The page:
Paris Was Ours 
by Penelope Rowland

This collection, compiled by journalist and author Penelope Rowlands, is the love letter to Paris you’ve been craving; it’s the perfect companion to the 2004 indie cult classic Before Sunset. This curated volume includes thirty-two personal essays from writers who moved to Paris after falling in love with the city of love and lights. Experiences in learning to cook, to love, to study, to raise families, and to live a quintessentially Parisian life are related by different writers from different countries around the world. This is the perfect read for anyone who thinks that Rachel definitely shouldn’t have gotten off the plane.

Havana: A Subtropical Delirium 
by Mark Kurlansky

Havana: A Subtropical Delirium is the latest non-fiction work from Mark Kurlansky, an American journalist who has worked as a foreign correspondent and writer in Western Europe, Paris, and Mexico. This book takes an in-depth look at Havana, a city with which Kurlansky has become deeply acquainted over the past thirty years. Balancing cultural history with travelogue, recipes, photographs, and the author’s own pen-and-ink drawings, Kurlansky examines the city through the lens of its native writers. In a time of change for Cuba, this book captures an important slice of the capital’s history.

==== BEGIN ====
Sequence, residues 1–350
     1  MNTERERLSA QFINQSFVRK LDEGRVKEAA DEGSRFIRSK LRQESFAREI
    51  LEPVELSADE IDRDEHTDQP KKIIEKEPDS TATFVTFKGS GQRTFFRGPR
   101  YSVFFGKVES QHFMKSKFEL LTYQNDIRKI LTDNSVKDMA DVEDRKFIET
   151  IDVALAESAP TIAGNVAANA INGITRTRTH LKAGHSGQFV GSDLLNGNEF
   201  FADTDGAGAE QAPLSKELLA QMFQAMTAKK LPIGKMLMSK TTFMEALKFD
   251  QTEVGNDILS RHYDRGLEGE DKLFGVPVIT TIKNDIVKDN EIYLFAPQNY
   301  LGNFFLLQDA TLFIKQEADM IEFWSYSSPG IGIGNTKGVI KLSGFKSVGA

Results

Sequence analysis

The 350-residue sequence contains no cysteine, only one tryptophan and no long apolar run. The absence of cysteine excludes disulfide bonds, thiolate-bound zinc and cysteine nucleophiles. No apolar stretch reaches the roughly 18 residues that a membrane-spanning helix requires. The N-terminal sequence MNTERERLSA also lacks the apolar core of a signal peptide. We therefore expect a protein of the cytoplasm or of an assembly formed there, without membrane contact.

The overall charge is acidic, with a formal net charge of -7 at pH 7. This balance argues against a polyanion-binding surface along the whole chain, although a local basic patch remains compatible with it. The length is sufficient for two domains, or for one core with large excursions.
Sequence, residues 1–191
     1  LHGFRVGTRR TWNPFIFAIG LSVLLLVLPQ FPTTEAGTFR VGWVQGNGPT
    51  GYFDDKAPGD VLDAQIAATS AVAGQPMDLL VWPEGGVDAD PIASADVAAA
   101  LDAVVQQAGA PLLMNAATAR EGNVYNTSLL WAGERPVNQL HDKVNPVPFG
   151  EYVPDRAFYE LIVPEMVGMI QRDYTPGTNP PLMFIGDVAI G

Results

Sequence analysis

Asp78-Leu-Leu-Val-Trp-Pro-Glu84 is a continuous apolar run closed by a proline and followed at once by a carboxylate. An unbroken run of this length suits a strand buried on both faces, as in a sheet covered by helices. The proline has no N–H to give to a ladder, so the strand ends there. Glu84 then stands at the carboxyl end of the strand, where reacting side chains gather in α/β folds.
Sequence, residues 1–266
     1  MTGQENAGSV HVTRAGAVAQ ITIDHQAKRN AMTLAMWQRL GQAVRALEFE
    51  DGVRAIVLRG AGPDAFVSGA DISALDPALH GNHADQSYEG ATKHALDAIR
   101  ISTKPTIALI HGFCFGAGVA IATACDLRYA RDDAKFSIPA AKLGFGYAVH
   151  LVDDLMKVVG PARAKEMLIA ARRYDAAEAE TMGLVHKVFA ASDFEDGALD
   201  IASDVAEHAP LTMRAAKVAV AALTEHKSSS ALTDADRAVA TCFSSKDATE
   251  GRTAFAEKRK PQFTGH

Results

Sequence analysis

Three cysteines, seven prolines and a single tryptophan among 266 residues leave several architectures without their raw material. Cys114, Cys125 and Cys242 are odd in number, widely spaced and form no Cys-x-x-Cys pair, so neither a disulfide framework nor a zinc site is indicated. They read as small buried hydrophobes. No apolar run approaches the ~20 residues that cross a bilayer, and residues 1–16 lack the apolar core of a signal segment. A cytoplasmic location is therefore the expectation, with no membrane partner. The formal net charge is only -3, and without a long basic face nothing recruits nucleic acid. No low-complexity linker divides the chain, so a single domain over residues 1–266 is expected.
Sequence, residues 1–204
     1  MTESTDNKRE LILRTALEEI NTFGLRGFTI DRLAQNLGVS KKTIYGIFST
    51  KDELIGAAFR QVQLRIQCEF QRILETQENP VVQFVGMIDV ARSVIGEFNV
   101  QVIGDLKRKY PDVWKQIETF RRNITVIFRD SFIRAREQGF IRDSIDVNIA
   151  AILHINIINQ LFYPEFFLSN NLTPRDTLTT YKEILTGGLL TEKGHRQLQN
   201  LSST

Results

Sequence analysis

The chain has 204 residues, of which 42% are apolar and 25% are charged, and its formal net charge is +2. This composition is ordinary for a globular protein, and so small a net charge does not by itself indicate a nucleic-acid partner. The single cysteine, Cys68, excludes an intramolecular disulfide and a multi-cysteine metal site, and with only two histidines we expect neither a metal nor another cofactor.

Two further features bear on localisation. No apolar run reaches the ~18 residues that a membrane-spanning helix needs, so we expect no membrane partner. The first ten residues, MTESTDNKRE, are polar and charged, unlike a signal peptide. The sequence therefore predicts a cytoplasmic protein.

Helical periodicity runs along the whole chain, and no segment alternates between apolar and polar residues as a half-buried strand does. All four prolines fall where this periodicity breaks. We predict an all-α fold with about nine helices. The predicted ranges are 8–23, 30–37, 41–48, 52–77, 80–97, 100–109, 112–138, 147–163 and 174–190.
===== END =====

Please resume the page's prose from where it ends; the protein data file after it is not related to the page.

As I Walked Out One Midsummer Morning 
by Laurie Lee

British poet Laurie Lee takes us on a lyrical, epic journey through London via the Cotswolds; with only a violin and a willingness for manual labour, he hacks out a living in the bustling city and eventually makes his way to Spain. There he often sleeps outdoors and makes money by playing music in cafes, until the outbreak of the Spanish Civil War leaves him trapped on the south coast. Lee’s distinct, poetic eye will no doubt stir your wandering soul.

Trieste and the Meaning of Nowhere 
by Jan Morris

Welsh historian Jan Morris is perhaps one of the most important travel writers of our time. A trans woman, she initially published under her birth name, James, until undergoing sex reassignment surgery in the early ’70s. Trieste and the Meaning of Nowhere is a passionate and nuanced look at the Italian city that captured her heart over the course of half a century. This poetic travelogue uses the framework of a city—one Morris cites as moody and changeable—to examine her own life, with all of its loves, disillusionments, and memories.

Travels with Myself and Another 
by Martha Gellhorn

Martha Gellhorn was long an enigmatic figure in the literary community. A journalist, she covered some of the most violent military conflicts of our time, including the Spanish Civil War, Vietnam, and Nicaragua. And while she never names the “other” in this insightful travel memoir, it is almost certainly Ernest Hemingway, to whom she was married for five years during WWII. This funny book recounts her journeys to various parts of the globe—days spent among dissidents in Moscow, among hippies near the Red Sea, and a treacherous journey to the interior of China during the Sino-Japanese War, for instance—and will leave you good and ready to carpe diem.